I first read this book in April of 2000; I read it again (via Overdrive on my tablet), because I will soon start reading Sycamore Row, which is the sequel to this book, for my Third Tuesday Book Club. I had forgotten most of the plot of the book since 2000, and I had also forgotten how good a book this was, and I very much enjoyed reading it.
Set in the mid-1980s (the book was written in 1989), Clanton, the county seat of Ford County, Mississippi. is barely twenty years from the Civil Rights Movement; the county has a black sheriff, but most of the other governmental and professional people in the county are black. Jake Brigance is an independent lawyer in this town, with a wife and a four year old daughter. He grew up in a nearby town, and knows Clanton and the people of his town. A ten-year-old African-American girl is savagely attacked by two white low-class rednecks in the county; the girl survives the attack and describes her attackers and their vehicle, and the miscreants are arrested. The town is shocked by the heinous crime, and the girl’s father carefully plans his next step; as the two miscreants are being moved from the courtroom down the stairs after a hearing, he shoots them with an M-16 and kills them, and also wounds a deputy (purely by accident). He retains Brigance as his lawyer, as Brigance had gotten a not guilty verdict for his little brother a few years back when his brother had been arrested for murder. With tensions high in the town and the county over the racial issues (a black girl attacked by white men, who are then killed by her black father), the book takes us all the way to the end of the capital trial.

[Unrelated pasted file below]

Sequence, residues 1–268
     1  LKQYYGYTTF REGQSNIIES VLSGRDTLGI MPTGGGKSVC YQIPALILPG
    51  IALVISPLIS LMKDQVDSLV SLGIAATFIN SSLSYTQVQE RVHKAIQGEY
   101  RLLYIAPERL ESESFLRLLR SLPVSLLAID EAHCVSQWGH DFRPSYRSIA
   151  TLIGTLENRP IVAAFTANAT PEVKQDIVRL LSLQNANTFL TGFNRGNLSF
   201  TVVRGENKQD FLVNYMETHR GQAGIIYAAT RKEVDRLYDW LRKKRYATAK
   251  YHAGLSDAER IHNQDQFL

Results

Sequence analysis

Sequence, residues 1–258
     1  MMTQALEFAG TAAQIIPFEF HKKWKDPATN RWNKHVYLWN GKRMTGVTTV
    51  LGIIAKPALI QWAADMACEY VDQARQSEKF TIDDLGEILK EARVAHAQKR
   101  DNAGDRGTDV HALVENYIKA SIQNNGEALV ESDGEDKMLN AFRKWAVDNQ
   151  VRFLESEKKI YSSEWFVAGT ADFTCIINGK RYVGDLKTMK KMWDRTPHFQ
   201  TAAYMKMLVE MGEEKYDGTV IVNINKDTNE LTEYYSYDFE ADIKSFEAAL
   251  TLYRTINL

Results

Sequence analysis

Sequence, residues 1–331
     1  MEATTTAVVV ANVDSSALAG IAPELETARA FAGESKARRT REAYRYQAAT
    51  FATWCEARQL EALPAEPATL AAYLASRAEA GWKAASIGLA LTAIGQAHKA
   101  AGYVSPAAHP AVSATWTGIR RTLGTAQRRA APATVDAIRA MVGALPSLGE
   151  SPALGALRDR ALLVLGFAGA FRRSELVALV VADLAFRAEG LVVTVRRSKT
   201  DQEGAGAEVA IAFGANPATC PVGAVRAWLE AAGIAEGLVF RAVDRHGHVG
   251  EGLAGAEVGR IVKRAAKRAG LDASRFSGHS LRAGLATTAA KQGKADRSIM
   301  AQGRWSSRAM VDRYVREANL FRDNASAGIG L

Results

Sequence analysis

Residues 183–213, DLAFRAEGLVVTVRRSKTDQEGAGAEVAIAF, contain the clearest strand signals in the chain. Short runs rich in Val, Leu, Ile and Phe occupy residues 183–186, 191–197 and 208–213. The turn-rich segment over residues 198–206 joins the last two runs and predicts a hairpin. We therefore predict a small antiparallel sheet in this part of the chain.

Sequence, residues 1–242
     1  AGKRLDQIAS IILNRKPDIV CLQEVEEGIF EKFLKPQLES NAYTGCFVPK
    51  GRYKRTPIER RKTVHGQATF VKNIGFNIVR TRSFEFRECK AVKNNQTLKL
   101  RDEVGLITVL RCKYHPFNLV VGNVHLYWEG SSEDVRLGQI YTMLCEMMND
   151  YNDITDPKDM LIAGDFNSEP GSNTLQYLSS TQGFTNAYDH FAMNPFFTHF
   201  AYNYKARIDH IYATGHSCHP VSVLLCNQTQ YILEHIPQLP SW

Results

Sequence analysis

I very much enjoyed reading this book, and look forward to reading Sycamore Row.